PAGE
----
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Old 09-26-2020, 03:14 PM   #1
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Default Raising trailer to lubricate cables and shaft for lifting

What is the safest way you have found to raise the Hi-lo up so you can crawl under to lubricate the hydraulic lifting shaft?

Also the door to the bathroom has come apart at the top and bottoms us to too much bouncing up and down I suppose. It is at the miter corners at 45 degrees. Previous owner tried glue unsuccessfully. Thinking about a metal right angle support on the inside to make it look better. Anyone have any better ideas?

Larry from CO
2008 18 foot Hi-lo
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Old 09-26-2020, 05:06 PM   #2
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If you don't have enough room to squeeze under with the trailer sitting on the ground (I do) then I recommend you roll the trailer onto a couple 2x6s or leveling blocks to lift the frame off the ground. Leave the trailer connected to your tow vehicle so that it cannot roll off, and make sure your tow vehicle's in park with the parking brake set! Using either wood or blocks under the wheels is a safe way to gain clearance. DO NOT go under the trailer if it is supported with a jack or even jack stands.

There's virtually no stress on my bathroom door, so I would expect virtually any fix to work if mine separated. The metal right angle reinforcements should work.

- Jack
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Old 09-26-2020, 07:22 PM   #3
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Quote:
Originally Posted by JackandJanet View Post
If you don't have enough room to squeeze under with the trailer sitting on the ground (I do) then I recommend you roll the trailer onto a couple 2x6s or leveling blocks to lift the frame off the ground. Leave the trailer connected to your tow vehicle so that it cannot roll off, and make sure your tow vehicle's in park with the parking brake set! Using either wood or blocks under the wheels is a safe way to gain clearance. DO NOT go under the trailer if it is supported with a jack or even jack stands.

There's virtually no stress on my bathroom door, so I would expect virtually any fix to work if mine separated. The metal right angle reinforcements should work.

- Jack
Thank you, Jack. You will be happy to hear that I completed the Sintering of my trailer today. The existing pump worked like a charm, sucking up the antifreeze like a charm, no priming necessary. Opened the valve, and before you know it, the job was done. I am now making notes of what to close in the Spring.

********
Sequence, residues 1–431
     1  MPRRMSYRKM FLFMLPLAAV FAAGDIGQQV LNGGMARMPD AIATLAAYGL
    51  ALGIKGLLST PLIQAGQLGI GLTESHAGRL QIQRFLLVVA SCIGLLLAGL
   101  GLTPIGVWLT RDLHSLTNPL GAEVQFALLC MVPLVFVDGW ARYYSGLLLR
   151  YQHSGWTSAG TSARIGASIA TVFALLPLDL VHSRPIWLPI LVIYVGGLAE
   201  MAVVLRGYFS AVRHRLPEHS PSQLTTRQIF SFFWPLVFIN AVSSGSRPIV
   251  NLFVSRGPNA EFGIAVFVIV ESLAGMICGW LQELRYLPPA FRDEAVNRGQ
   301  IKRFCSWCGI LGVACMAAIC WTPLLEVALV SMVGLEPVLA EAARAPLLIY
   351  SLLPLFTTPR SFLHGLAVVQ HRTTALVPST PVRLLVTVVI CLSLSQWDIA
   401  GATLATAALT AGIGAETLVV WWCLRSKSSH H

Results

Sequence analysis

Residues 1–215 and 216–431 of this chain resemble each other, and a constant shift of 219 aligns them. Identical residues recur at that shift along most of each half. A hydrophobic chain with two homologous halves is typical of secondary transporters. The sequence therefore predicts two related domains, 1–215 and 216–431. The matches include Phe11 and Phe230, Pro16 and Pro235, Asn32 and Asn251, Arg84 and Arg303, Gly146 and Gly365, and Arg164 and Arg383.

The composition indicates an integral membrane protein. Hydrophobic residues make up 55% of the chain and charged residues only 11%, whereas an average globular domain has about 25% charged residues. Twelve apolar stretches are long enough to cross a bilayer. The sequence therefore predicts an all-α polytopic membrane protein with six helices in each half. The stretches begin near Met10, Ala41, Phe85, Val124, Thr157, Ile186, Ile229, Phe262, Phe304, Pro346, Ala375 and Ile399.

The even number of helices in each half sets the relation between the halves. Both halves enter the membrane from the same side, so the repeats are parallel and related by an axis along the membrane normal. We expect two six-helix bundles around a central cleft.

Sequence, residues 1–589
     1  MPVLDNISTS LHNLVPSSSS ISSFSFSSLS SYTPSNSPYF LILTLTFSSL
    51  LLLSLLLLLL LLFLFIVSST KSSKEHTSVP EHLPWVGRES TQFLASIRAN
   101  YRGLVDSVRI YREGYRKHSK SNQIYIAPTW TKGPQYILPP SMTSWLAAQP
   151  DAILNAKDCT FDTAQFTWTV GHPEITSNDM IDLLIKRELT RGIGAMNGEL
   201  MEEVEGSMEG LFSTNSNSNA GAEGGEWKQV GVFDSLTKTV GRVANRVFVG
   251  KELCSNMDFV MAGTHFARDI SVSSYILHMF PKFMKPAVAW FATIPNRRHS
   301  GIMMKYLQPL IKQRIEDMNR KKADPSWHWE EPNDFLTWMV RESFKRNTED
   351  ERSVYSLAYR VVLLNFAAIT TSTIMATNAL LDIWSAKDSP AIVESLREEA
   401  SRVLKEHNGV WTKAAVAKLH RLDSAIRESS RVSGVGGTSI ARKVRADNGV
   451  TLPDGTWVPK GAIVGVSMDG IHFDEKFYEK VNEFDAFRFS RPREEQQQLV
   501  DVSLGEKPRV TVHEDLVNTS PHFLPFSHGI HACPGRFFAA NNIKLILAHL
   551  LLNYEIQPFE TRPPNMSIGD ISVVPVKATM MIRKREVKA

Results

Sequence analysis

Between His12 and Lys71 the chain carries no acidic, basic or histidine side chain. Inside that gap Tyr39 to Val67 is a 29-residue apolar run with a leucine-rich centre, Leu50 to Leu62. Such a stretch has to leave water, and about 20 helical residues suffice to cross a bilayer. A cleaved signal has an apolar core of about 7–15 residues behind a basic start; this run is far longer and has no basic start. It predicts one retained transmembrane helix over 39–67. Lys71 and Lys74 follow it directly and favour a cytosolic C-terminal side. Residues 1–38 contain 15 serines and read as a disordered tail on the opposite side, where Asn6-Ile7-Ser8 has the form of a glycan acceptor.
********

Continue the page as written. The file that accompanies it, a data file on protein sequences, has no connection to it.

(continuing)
Is the wooden door to your bathroom just held by a fabric snap? Ours is so the door opens and closes on its own as we travel, putting a log of stress on the wooden joints, or is your door somehow fastened to a wall so it does not bounce around? I think once I repair it, I may buy an elastic band to hold the door secure to the wall. What do you think. I don’t want to do a cheesy repair that does not look like a professional job. Any comments are welcomed.

Th as bid for the 2x6 suggestion to raise the trailer a bit to allow me to get under to put the lithium grease on the shaft. Should the top be raised all the way up to access the metal of the shaft?

How long does it take? So you apply it with a paint brush or putty knife?

Larry
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Old 09-26-2020, 10:14 PM   #4
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Two fingers, putty knife to lube the shaft. Lol
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Old 09-26-2020, 10:57 PM   #5
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I used a paper shop towel and alcohol to clean the shaft, then a fresh shop towel to spread the grease. Again, you can use axle grease or lithium grease. I did all this with the top up, which put the ram in about the middle of the rod, then lowered the top and cleaned and lubed the small area the ram covered, which was exposed with the top down.

Yup, my door is held closed only by the fabric strap and a snap closure. I generally snap it closed before travel. A bungee cord to hold it closed would work too. I have a bungee cord across the door to the fridge to help keep it closed.

I added extra magnetic catches to cabinet doors that swing open. The ones on the top, that lift up, seem to have very strong springs in the hinges that keep them closed.

- Jack
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Old 10-01-2020, 03:57 PM   #6
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Use an auto creeper-makes the job so easy!
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